You make such a good point (WOW!). Keeping busy with positive things AND things that show your accomplishments. I think the brain injury I have hit the 'poor pitiful me' 'button' in my brain... and it is SO hard to get and (most of all) stay out of that negative mindset. Truth is, none of us (brain injured or not) get enough 'gold stars' in life.
Some days getting out of bed is deserving of GOLD STAR treatment!
I found it was a combination of things. 1) Medication, 2) Counseling, 3) Exercise 4) knowing when it's OK to be depressed and letting myself go through it yet not letting it take over.
Oh and randomly kicking people. Just for no reason.
p.s. Totally kidding about kicking people. I only do that to small pet's that can't fight back.
You have made some wonderful points Phil. My father was also a life long member of the "miserable club". He took his own life three months before my accident. I do not (NOT) mean to demean or make this a light subject... It was awful, for myself and my children. He would never go for counseling... though his treatment of myself sent ME to treatment for a very long time. My mother drank. NOW I understand the big question of WHY. This was not something we were not prepared for--he had threatened suicide for years... we had talked about it, but in the final moments, he made his choices and it was so unfair to those of us left behind. With all that in mind, I must include the following:
Getting good psych help is REALLLLLLY HARD. Getting good psych help in the TBI world is even harder. I pay for my own insurance and my own therapy. I do not know how long that will last... will I be 'well' by then? Will my brain be fixed?
I am currently in a battle of my medications. After several years, I developed seizures -- and the drug they put me on has given me a constant struggle and battle with added (I did NOT NEED) depression+suicide thoughts/actions. I am NOT in control of these... Every day, until my doctor facilitates the new drug change, I take what I am now calling my death pills... Why? Because I am supposed to. Because they are supposed to help me not have seizures. It has been going on since JUNE. I go in again on WED for the final START of the change over to a different drug... and who knows what IT will bring...
The chemical JUNK and the fact that the brain works the way it does (or does NOT) + family participation is huge. I am struggling every day--and I KNOW I am not the only one out there. YES. The meds all come with the disclaimers... but who is there to notice and put the bits all together and then relay it to the doctors...??????? My husband has NOT. He did NOT read the insert until I forced it on him in a rage. Last weekend. He is NOT a stupid man--he is a member of MENSA and very very smart-just not real common sense.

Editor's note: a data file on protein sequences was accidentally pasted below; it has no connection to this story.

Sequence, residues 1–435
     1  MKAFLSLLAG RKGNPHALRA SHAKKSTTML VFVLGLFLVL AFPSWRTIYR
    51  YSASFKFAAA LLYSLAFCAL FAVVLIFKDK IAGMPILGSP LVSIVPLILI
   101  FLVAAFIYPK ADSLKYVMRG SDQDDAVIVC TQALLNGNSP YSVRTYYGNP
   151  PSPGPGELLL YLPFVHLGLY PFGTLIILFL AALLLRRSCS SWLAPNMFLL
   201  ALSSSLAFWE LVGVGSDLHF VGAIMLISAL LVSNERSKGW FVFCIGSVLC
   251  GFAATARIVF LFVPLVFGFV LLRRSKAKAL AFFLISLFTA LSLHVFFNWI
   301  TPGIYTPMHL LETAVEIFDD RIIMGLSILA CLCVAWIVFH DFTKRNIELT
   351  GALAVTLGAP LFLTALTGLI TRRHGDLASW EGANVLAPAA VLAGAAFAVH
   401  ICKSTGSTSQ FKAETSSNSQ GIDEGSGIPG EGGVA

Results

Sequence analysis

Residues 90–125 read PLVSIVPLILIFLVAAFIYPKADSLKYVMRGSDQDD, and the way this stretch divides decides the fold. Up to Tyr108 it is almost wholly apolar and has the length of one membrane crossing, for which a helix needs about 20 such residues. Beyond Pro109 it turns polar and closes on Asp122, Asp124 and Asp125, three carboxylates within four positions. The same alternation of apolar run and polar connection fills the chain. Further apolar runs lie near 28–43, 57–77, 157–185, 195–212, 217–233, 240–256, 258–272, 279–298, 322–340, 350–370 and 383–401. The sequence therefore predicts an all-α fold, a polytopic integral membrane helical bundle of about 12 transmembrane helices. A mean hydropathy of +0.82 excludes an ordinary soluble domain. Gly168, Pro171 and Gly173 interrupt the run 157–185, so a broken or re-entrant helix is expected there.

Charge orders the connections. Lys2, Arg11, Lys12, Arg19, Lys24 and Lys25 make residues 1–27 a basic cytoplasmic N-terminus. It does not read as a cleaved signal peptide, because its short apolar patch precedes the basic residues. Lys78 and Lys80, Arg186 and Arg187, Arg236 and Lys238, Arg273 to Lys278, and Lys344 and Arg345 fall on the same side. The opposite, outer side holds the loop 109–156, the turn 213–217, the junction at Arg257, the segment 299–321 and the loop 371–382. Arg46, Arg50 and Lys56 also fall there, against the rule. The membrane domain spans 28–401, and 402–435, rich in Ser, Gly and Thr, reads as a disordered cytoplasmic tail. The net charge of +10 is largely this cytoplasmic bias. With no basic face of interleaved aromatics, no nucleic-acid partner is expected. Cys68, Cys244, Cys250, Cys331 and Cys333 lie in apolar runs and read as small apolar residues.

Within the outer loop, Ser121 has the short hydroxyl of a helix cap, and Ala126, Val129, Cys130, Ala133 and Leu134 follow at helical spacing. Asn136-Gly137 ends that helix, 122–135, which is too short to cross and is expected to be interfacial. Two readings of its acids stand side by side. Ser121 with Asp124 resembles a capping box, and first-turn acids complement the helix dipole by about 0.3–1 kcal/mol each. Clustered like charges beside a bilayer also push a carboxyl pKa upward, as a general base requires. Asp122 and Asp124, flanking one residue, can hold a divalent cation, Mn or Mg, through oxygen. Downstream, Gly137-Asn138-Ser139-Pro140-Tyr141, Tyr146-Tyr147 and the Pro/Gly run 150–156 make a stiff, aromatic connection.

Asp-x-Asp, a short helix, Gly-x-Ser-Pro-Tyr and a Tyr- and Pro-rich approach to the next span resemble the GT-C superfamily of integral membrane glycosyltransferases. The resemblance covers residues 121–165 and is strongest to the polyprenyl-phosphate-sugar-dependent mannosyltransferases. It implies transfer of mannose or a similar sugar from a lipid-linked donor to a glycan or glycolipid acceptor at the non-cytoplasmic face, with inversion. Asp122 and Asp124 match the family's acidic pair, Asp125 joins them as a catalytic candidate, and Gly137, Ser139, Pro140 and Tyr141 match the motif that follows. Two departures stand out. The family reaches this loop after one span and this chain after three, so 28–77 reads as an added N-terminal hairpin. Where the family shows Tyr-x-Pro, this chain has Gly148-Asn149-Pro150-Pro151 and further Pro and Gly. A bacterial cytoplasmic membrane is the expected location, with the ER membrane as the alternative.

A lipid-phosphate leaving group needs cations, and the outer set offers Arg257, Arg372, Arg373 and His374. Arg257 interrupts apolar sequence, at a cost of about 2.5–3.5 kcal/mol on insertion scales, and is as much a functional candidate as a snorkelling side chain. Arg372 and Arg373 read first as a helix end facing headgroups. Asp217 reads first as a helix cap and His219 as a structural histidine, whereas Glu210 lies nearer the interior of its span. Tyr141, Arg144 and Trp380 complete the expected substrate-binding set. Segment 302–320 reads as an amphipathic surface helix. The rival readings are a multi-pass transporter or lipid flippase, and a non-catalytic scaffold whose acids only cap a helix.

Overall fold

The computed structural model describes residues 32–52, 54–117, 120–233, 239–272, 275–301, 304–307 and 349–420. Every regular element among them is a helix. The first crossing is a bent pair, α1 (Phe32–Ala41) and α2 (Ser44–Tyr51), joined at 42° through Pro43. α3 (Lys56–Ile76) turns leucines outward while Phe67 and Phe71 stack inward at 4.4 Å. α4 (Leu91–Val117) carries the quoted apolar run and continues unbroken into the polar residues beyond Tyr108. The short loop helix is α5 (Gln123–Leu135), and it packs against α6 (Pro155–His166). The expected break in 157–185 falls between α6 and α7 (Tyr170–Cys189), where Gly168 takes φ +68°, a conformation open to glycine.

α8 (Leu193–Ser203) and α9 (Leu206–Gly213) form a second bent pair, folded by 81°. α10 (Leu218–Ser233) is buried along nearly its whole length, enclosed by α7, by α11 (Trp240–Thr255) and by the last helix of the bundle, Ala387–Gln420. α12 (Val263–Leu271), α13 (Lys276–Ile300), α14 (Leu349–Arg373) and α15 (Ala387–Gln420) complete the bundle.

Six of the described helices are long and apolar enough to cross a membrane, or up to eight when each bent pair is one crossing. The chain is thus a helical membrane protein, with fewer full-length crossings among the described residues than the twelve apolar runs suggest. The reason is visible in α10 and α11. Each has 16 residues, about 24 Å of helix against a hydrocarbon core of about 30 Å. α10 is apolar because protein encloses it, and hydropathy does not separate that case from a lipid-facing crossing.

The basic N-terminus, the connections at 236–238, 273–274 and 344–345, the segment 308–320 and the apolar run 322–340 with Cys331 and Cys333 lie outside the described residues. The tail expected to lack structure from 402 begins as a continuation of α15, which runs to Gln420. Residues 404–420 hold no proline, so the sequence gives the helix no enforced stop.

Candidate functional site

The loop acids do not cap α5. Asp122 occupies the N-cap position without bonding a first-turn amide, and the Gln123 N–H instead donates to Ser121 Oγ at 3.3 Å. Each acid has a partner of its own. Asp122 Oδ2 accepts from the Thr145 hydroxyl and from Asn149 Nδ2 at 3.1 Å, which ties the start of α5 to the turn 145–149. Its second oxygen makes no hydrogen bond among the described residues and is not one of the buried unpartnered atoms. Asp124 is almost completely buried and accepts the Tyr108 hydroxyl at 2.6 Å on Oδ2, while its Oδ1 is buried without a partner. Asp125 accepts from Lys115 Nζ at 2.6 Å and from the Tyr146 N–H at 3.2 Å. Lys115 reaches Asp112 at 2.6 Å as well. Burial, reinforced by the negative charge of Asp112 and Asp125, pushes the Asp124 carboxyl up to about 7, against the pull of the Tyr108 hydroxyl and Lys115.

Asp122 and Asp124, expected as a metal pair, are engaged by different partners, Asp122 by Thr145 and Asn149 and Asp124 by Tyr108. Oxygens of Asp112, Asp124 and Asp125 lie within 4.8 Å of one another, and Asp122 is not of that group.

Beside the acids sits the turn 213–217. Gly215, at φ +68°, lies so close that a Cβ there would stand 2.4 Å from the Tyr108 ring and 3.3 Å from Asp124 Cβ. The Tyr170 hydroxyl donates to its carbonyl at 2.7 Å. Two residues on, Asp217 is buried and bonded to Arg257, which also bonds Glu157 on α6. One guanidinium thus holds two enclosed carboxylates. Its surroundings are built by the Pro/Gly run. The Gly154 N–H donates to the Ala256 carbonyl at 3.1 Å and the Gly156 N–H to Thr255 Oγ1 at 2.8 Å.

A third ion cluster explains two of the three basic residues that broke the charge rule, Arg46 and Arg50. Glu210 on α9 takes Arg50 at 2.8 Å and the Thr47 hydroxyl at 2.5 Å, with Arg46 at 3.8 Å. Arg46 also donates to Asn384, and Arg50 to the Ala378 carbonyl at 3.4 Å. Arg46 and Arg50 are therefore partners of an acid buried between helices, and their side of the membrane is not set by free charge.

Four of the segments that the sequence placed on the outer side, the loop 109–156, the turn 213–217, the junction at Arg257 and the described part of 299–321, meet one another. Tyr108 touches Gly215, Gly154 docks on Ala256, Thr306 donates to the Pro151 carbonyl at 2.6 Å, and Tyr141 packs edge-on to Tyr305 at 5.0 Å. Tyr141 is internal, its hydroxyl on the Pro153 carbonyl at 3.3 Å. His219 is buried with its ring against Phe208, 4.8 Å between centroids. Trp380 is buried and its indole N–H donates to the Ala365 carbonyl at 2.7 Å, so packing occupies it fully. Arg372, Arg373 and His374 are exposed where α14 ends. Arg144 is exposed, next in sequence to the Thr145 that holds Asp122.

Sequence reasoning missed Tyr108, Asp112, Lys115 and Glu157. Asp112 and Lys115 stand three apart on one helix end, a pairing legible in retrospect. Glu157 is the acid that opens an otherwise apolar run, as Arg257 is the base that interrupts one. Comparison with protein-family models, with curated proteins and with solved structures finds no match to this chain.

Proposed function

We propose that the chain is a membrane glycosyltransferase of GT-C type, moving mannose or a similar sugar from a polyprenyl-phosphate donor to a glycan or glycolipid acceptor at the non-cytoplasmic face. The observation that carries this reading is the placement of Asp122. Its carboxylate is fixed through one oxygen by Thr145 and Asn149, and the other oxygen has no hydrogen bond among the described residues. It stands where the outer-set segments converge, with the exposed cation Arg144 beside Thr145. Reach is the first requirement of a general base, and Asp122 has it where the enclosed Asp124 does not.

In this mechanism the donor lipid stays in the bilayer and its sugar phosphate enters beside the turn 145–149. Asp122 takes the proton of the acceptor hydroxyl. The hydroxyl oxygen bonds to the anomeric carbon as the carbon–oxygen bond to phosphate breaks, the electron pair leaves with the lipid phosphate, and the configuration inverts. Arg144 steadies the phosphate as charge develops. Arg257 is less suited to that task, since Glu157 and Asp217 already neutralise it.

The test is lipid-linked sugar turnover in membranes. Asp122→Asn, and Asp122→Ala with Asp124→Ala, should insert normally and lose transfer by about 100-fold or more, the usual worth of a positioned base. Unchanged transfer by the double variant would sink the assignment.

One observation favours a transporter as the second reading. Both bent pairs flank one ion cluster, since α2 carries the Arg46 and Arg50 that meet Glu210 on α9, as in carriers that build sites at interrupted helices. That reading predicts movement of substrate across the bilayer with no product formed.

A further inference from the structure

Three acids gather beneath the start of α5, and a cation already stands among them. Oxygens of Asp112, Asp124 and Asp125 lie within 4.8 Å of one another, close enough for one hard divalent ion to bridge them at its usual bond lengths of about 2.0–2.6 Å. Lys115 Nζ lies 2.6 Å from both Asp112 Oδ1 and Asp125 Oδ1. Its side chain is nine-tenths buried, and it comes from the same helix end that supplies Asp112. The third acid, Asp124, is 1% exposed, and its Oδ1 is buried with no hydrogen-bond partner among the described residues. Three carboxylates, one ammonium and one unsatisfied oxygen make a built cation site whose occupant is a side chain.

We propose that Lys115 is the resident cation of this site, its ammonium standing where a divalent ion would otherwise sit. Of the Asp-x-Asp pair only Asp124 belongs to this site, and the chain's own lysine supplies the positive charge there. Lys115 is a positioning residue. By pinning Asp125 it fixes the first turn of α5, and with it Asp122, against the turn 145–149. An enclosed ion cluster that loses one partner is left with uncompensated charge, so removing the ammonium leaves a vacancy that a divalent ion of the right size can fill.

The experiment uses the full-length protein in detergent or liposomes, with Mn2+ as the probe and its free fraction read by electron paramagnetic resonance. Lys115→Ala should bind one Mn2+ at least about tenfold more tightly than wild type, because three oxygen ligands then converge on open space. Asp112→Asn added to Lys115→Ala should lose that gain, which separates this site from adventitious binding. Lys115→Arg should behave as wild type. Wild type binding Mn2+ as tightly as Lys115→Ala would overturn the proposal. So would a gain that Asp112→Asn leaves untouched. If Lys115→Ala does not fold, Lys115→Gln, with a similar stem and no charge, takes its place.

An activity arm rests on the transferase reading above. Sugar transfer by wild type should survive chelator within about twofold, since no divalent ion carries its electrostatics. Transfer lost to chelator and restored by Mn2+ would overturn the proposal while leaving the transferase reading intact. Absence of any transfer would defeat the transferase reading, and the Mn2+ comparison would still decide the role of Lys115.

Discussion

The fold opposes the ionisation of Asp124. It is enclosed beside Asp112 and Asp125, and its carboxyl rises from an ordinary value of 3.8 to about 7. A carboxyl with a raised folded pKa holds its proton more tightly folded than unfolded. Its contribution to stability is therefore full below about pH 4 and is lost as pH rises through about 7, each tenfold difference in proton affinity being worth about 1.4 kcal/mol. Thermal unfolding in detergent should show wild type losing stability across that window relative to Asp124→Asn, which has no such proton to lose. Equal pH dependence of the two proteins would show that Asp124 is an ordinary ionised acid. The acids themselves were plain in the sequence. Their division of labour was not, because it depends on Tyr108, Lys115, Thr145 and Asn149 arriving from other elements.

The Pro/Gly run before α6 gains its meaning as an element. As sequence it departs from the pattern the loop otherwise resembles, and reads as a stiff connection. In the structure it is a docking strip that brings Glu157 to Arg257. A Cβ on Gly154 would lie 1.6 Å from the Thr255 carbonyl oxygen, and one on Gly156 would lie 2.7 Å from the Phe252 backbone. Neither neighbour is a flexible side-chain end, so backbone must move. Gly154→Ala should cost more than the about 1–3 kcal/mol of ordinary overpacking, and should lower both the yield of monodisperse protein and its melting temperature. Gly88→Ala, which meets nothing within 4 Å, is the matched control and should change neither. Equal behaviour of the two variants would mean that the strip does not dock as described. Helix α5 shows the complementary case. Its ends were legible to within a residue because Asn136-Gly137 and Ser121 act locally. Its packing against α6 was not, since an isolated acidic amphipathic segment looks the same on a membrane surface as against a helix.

This in my opinion is why THESE ONLINE GROUPS ARE SO IMPORTANT. So many of us ARE isolated and don't REMEMBER THE DETAILS. I just don't remember these details! I am lucky to remember the name of the drugs!
Most therapists do NOT deal with the medical sides either... just an afterthought.
The big thing here is TBI Depression is very different from Clinical Depression in the type of drugs that work. The symptoms may be similar but the root cause and thusly what needs to happen to correct it are VERY different from clinical depression. For most people with TBI Depression it will WORSEN when given the antidepressants used for clinical depression.
The very cool thing is that the right antidepressant drugs can actually help the brain remap in healthier, less depressed pathways. Counseling can also do that. However, in my personal experience and also my observations of watching others, I think a combination of medication and counseling work best for TBI survivors.
A side note to Barb:
Another survivor on this site just underwent a test where they had him in the hospital for a couple of days and took him off all seizure meds while having him hooked up to all sorts of machines so they could see what was happening in the brain as he had seizures. He came away with some good information and his docs are working with him on the results and adjusting his meds. When you get to the TBI people in Seattle be sure to ask about this.
Are you aware of the Major Depression study taking place through both UW and Emory in Atlanta?
The Harborview Phd. in charge is Robert Fraser, Phd. and Professor in the neurological Vocational Services Unit . He can be reached at (206) 744-9131 if you have interst in exploring participation in the study.They need additional people to participate, so enrollment is available.